Type: Book
ISBN: 978-1-78052-193-0

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Book part

Andreas Al-Laham has been holding the chair for strategic and international management at the University of Mannheim since September 2009. After his studies of economics…

Abstract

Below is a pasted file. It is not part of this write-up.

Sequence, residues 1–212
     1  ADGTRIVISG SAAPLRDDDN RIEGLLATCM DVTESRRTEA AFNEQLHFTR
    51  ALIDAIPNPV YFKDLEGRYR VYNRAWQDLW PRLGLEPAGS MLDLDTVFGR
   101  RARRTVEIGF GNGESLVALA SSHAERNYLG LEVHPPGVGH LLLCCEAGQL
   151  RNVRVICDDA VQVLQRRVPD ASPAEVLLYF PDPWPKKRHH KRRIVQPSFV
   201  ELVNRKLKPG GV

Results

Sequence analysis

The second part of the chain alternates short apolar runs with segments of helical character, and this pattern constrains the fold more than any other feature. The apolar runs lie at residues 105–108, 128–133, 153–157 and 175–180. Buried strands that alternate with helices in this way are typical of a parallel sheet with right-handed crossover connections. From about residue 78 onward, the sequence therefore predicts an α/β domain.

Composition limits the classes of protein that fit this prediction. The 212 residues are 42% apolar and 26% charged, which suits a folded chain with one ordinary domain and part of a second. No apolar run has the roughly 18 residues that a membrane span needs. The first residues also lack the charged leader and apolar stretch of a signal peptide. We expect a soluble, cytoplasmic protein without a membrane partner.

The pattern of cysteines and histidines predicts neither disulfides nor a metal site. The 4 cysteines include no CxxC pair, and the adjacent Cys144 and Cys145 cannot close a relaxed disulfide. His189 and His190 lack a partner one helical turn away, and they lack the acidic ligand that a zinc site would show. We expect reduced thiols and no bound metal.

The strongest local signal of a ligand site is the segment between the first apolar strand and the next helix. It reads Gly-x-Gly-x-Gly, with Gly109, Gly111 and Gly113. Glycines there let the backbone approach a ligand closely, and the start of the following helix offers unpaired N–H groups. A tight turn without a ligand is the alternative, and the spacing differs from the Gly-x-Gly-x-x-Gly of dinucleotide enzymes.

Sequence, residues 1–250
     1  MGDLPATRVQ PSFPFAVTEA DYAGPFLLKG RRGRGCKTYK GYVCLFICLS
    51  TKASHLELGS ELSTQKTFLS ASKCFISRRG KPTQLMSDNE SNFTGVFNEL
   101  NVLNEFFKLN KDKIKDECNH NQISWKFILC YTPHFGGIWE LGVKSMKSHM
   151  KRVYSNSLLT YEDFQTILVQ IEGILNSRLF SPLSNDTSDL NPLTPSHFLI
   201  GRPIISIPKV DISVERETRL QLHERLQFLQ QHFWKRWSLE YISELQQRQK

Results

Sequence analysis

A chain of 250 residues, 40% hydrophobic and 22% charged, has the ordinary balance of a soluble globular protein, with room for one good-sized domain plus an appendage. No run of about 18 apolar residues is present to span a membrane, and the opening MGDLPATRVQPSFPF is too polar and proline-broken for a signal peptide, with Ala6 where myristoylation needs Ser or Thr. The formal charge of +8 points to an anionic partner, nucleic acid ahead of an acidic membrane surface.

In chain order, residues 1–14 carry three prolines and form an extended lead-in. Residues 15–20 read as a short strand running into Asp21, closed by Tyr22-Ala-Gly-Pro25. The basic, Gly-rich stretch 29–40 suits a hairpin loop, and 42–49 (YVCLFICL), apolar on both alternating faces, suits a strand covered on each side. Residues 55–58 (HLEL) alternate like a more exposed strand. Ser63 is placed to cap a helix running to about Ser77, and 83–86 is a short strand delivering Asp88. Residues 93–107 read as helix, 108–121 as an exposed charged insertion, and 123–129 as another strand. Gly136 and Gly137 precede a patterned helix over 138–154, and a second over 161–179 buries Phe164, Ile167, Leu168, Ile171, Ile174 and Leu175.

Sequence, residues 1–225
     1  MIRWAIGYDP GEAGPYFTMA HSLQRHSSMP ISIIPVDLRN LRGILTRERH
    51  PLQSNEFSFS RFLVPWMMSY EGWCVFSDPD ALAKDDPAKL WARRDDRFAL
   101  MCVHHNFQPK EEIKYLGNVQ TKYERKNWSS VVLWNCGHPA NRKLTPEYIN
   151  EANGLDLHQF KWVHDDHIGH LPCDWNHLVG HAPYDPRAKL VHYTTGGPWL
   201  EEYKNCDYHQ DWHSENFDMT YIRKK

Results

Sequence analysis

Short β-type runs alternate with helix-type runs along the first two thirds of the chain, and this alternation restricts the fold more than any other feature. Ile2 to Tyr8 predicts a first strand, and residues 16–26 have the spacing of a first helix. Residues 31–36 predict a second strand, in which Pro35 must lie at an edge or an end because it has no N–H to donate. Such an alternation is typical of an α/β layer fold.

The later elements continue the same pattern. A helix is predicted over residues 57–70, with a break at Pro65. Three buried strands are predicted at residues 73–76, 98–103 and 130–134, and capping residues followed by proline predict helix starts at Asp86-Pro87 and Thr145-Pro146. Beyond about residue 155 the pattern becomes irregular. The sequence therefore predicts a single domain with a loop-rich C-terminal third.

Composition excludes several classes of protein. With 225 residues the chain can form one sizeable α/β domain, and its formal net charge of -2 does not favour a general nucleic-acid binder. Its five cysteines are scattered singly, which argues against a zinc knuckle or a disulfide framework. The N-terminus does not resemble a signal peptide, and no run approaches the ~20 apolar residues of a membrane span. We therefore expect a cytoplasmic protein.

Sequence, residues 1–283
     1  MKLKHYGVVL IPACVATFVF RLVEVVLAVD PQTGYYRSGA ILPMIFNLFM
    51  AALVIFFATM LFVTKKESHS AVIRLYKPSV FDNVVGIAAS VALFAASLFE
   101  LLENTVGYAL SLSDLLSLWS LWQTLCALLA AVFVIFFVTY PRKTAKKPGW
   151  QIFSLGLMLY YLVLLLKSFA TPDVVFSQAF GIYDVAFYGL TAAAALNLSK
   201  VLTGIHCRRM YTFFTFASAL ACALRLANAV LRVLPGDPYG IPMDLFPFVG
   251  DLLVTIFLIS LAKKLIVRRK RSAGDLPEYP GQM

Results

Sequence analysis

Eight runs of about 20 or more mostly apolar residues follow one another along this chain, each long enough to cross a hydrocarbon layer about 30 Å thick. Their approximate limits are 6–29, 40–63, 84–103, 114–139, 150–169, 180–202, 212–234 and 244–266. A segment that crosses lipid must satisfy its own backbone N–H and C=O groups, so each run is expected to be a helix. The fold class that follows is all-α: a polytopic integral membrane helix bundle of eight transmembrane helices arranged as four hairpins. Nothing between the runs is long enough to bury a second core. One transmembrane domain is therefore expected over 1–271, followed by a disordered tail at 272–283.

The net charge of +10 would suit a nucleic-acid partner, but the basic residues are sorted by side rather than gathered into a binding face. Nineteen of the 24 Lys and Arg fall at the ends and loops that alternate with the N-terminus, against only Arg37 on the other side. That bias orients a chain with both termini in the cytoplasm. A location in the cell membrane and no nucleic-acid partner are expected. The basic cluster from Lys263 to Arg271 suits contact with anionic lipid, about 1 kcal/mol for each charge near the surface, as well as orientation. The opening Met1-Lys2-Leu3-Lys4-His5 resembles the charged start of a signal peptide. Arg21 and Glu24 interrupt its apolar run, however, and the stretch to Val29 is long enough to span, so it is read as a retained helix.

Andreas Al-Laham has been holding the chair for strategic and international management at the University of Mannheim since September 2009. After his studies of economics and business administration at the Technical University of Dortmund he received his PhD (1996) and Habilitation (2000) degree at the same University, Faculty of Business Administration, Chair of Strategic and International Management. From 2000 to 2002 he worked as a visiting research scholar and visiting professor for strategic management and organizational theory at the J.L. Rotman School of Management, University of Toronto, Canada. Afterward he became professor of international management and business policy at the University of Stuttgart. In 2004 he took a professorship of strategic management at the CASS Business School, City University of London, UK. Up till today, he is visiting professor for General Management and International Strategy. Between 2006 and 2009 he held the chair for management and international strategy at the University of Kaiserslautern. He has written several books, for example! Strategisches Management. Theoretische Grundlagen-Prozesse-Implementierung (together with M. K. Welge), Organisationales Wissensmanagement. Vahlens Handbücher der Wirtschafts- und Sozialwissenschaft, Praxis des strategischen Managements (together with M. K. Welge and P. Kajüter) and Strategieprozesse in deutschen Unternehmungen. His current research focuses on evolutionary dynamics in the German biotech-industry, alliances and network dynamics as well as the internationalization of SME.